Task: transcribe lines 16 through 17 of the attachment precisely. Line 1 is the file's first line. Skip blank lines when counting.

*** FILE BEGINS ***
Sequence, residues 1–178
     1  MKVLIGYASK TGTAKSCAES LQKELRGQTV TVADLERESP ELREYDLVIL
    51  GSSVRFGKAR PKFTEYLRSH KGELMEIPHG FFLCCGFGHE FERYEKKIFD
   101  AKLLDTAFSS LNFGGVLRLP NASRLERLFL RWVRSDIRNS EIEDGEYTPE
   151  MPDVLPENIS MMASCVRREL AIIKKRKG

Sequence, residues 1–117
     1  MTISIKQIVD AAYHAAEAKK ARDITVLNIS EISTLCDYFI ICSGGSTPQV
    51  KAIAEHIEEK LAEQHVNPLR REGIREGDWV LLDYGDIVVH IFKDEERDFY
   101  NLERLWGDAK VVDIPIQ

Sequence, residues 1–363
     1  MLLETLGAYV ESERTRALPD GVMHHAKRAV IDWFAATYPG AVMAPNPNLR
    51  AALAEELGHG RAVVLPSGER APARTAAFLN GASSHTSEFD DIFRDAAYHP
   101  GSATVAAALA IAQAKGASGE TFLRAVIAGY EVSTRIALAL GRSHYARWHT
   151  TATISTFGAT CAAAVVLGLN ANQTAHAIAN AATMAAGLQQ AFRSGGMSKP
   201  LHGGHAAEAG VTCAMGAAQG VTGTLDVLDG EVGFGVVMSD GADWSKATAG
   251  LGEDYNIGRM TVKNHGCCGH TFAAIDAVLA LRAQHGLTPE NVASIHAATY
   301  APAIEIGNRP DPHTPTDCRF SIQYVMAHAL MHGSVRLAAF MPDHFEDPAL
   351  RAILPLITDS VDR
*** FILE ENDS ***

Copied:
   251  LGEDYNIGRM TVKNHGCCGH TFAAIDAVLA LRAQHGLTPE NVASIHAATY
   301  APAIEIGNRP DPHTPTDCRF SIQYVMAHAL MHGSVRLAAF MPDHFEDPAL